As you assess your diet and decide what you should and should not be eating, it might seem appropriate to cut out fat entirely because that's what you're trying to get rid of, right? In truth, there actually is such thing as "good" fat and it's not just a marketing scam. They're called unsaturated fats while the fats you want to severely limit are trans fats and saturated fats. When you limit the fats you take in, your body will work more efficiently and be healthier in the long run.
Gretchen Vannice, MS, RDN, explains the difference between good and bad fats, saying that good fats improve circulation and blood pressure. They keep your heart pumping strong and help your brain to function and communicate with your body, along with keeping your cholesterol and triglycerides in check. Bad fats, however, are associated with heart attacks and high cholesterol. They increase inflammation and hinder circulation in the body. Babies especially need the good fats over bad fats as they grow and develop.
The good guys (unsaturated fats) are divided between monounsaturated and polyunsaturated fats. These are found in most plant oils, avocados, olives, nuts, fatty fish and soy milk. Try substituting the bad fats for good sources of unsaturated fats by eating more fatty fish, like salmon, trout and catfish and using olive and peanut oils to cook food. (via Help Guide)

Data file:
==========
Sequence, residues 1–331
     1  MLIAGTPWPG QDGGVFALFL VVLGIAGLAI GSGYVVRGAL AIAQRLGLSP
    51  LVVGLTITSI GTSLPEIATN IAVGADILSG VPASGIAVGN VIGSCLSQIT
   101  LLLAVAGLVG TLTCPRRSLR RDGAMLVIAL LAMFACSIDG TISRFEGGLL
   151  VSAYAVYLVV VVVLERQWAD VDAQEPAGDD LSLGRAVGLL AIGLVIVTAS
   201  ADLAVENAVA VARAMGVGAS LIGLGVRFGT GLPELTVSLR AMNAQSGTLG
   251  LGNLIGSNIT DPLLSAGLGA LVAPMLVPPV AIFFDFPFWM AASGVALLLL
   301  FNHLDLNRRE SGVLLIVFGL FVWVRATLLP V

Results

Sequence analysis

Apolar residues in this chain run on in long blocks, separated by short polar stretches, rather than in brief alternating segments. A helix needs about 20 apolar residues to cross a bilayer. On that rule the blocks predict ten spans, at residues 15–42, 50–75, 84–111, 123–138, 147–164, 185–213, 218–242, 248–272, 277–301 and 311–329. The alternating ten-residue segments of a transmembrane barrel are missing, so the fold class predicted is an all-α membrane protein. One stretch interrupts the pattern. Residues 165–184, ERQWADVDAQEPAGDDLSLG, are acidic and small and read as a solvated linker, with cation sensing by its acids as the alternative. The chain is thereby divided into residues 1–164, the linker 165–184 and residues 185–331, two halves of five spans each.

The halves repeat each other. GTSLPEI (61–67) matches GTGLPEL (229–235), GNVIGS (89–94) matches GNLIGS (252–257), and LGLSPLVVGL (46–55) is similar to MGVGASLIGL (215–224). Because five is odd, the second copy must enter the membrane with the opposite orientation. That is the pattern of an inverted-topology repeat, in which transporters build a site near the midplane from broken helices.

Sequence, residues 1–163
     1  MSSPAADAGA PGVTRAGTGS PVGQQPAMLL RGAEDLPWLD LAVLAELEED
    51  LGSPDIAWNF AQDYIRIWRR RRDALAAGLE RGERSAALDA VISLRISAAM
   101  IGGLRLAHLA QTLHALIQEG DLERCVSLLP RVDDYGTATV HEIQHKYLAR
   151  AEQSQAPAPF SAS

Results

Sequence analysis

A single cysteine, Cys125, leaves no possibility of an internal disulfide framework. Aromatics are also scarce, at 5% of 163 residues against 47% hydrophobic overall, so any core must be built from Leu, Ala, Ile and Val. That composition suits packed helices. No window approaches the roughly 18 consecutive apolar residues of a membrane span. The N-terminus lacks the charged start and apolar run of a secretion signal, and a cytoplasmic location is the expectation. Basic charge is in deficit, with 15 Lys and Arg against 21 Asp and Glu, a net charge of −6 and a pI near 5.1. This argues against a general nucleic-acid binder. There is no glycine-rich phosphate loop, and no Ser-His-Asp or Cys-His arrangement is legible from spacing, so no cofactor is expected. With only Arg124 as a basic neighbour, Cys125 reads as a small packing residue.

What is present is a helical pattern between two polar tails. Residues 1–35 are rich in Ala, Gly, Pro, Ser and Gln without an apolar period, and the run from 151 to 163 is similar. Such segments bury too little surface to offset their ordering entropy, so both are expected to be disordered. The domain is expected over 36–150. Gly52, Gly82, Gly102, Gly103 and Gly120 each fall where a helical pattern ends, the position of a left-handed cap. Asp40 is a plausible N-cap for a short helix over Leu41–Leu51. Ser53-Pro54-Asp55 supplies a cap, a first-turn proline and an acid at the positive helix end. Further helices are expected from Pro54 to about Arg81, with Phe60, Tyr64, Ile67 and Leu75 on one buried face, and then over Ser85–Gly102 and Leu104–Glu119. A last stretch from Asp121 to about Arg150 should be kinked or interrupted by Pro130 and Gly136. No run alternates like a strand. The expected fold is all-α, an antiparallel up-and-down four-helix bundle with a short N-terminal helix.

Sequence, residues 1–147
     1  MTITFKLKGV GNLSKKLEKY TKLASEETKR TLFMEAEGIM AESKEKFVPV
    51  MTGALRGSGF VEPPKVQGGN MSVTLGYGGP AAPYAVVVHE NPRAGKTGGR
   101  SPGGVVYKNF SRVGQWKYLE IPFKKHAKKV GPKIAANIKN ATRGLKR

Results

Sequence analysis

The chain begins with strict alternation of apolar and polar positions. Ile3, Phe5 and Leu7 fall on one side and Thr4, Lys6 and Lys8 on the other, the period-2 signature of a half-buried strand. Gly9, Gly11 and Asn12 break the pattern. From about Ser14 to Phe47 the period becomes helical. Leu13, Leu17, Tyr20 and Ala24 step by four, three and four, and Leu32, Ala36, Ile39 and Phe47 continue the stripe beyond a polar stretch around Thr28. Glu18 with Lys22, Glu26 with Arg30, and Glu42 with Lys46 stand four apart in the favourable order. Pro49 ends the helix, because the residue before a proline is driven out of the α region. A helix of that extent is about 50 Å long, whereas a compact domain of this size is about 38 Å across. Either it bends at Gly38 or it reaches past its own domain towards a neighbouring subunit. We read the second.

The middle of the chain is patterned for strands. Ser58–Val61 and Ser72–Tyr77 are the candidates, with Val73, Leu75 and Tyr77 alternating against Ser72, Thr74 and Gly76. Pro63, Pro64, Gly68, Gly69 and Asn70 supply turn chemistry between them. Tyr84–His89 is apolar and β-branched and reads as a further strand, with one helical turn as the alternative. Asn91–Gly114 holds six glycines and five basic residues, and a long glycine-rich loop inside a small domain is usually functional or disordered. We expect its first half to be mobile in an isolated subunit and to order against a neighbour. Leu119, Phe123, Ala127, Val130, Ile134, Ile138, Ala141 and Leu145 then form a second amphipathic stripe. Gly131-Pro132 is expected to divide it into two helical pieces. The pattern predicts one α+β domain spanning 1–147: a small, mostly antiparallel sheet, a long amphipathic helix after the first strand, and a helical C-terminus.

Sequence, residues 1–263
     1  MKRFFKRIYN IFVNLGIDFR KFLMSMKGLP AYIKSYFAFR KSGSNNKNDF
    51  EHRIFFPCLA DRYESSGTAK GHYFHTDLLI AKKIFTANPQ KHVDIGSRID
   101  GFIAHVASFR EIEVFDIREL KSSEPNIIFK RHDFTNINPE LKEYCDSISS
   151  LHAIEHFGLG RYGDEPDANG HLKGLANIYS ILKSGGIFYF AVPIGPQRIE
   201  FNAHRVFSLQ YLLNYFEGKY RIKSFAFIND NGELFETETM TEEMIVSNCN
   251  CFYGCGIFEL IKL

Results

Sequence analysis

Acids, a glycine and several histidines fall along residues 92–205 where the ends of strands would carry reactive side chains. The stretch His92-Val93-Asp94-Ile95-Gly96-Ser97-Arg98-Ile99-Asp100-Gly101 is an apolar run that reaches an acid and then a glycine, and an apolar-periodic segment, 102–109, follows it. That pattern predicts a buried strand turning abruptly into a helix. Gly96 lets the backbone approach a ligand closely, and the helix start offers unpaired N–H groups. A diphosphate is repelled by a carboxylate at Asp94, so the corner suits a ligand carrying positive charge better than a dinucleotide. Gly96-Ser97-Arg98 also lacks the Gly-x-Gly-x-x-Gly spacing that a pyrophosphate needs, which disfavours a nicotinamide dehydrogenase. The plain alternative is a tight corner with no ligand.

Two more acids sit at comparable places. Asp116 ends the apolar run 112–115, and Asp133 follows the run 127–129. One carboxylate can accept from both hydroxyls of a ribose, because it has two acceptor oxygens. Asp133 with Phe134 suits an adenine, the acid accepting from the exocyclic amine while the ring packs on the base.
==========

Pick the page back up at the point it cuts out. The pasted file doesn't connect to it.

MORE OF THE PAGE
Bad fats, more accurately called unhealthy fats, likely permeate your diet if you don't regulate intake. You can find them in certain cuts of meat, whole-fat dairy, butter, cheese, packaged snack foods, shortening and most anything fried. Even if you prepare your own food each day and forego eating out for lunch, you still might be using foods full of unhealthy fats without realizing it. While some unhealthy fat-filled foods might seem obvious, others aren't necessarily a no-brainer.
According to WebMD, the best way to monitor fat intake is to read your nutrition labels. Make it a habit to check the facts on the package before you drop it in the cart. Get foods low in total fat and low in saturated and trans fats. If it tells you it's "trans fat free," double check the label because it still might have half a gram of trans fat per serving and that can add up.
In the grand scheme of things, your body needs unsaturated fats and will function better without saturated fats. It's not a scam and it's certainly something to be mindful of. Pay attention to packaging, as that might be where the marketing trips you up. Nutrition labels are your best friends. As you develop habits and expand your knowledge of the food you buy, it will become second nature to consume the right foods that will make your body love you.